“Merging those two processes makes them simpler, more transparent and traceable, so the same data system is being used throughout the entire reconciliation and certification lifecycle,” Sheyner said. “Frontier™ Reconciliation from Fiserv is an end-to-end solution, starting with detailed data and tracking it all the way through to final certification.”

With an integrated solution like Frontier™ Reconciliation, insurers have the tools they need to address the high-stakes and cumbersome financial filing process while reaping the benefits of boosted efficiency and lower costs.

“Integrating all back-end processes and centralizing all data in one location provides true risk management,” Sheyner said.

To learn more, visit http://www.fiserv.com/FrontierForInsurance.

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This article was produced by the R&I Brand Studio, a unit of the advertising department of Risk & Insurance, in collaboration with Fiserv. The editorial staff of Risk & Insurance had no role in its preparation.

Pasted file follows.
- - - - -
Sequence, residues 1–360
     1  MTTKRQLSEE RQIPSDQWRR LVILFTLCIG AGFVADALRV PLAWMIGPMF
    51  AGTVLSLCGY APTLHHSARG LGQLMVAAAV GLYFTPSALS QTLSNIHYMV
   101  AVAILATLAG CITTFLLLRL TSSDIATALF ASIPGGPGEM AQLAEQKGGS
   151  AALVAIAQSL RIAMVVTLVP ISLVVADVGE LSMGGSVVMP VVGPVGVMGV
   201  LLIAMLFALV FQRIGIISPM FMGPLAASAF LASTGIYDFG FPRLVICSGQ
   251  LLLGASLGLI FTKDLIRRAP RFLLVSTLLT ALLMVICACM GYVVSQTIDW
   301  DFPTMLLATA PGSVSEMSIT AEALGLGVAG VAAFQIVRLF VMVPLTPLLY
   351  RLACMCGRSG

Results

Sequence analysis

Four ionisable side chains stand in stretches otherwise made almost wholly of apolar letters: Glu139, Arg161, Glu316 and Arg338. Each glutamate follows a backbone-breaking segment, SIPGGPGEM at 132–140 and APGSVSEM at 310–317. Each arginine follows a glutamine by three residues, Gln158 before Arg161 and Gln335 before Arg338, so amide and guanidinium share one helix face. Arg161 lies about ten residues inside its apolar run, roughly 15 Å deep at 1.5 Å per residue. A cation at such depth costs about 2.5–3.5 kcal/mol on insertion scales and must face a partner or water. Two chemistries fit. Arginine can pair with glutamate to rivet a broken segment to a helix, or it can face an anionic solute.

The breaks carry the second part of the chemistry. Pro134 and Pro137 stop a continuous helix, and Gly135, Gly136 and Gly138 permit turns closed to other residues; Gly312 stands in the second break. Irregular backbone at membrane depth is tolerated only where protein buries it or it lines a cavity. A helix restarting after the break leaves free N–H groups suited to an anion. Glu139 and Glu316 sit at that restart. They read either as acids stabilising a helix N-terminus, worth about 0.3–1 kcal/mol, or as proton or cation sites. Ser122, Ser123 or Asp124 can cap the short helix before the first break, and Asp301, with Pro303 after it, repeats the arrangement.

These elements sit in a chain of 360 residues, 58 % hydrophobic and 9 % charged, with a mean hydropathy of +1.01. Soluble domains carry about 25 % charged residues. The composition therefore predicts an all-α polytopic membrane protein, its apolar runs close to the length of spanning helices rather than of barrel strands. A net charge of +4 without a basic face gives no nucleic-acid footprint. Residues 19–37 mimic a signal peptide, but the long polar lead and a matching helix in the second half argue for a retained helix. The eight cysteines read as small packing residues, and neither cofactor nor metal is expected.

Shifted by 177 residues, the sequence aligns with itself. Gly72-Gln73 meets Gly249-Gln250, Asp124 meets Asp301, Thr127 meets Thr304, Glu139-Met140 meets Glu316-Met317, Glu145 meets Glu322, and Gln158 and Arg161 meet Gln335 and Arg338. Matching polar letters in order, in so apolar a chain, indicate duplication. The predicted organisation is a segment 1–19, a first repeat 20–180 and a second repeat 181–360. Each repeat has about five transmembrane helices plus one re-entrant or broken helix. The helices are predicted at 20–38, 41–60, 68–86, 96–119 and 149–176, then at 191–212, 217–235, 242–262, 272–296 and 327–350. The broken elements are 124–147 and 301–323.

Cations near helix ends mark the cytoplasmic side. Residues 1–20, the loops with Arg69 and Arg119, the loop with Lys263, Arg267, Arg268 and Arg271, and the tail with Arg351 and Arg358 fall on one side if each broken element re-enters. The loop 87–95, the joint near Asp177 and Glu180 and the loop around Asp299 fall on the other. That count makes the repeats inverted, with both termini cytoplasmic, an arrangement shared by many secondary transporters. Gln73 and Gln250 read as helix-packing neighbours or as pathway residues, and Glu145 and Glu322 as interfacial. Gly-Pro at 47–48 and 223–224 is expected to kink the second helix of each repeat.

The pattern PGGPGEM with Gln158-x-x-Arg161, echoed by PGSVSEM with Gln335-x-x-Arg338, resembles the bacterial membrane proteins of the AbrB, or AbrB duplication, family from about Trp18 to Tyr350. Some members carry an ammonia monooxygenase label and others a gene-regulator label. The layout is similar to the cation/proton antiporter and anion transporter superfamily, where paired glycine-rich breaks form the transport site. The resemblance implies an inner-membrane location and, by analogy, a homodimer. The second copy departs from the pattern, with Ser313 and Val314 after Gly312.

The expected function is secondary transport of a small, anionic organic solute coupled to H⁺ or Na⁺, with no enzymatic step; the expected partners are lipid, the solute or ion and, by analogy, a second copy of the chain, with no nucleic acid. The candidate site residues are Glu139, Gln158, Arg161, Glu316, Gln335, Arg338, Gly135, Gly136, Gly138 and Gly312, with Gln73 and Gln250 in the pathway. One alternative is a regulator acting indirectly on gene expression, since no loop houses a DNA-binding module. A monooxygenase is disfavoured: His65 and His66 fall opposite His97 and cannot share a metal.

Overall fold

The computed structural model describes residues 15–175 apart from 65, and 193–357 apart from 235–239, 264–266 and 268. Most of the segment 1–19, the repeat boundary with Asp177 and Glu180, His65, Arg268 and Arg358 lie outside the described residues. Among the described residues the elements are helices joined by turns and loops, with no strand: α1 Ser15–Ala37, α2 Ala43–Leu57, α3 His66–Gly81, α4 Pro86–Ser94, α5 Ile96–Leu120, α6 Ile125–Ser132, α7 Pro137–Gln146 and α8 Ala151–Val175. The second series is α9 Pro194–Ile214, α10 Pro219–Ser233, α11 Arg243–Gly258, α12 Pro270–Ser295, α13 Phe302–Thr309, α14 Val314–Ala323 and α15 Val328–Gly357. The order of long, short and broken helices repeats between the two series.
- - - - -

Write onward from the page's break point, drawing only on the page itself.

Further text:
Fiserv, Inc. enables clients worldwide to create and deliver financial services experiences that are in step with the way people live and work today. For more than 30 years, Fiserv has been a trusted leader in financial services technology, helping clients achieve best-in-class results by driving quality and innovation in payments, processing services, risk and compliance, customer and channel management, and insights and optimization.

Risk Management

The Profession

As risk manager for a cloud computing and software company, Laurie LeLack knows that the interconnected economy and cyber security remain top risks.
By: | December 14, 2017 • 4 min read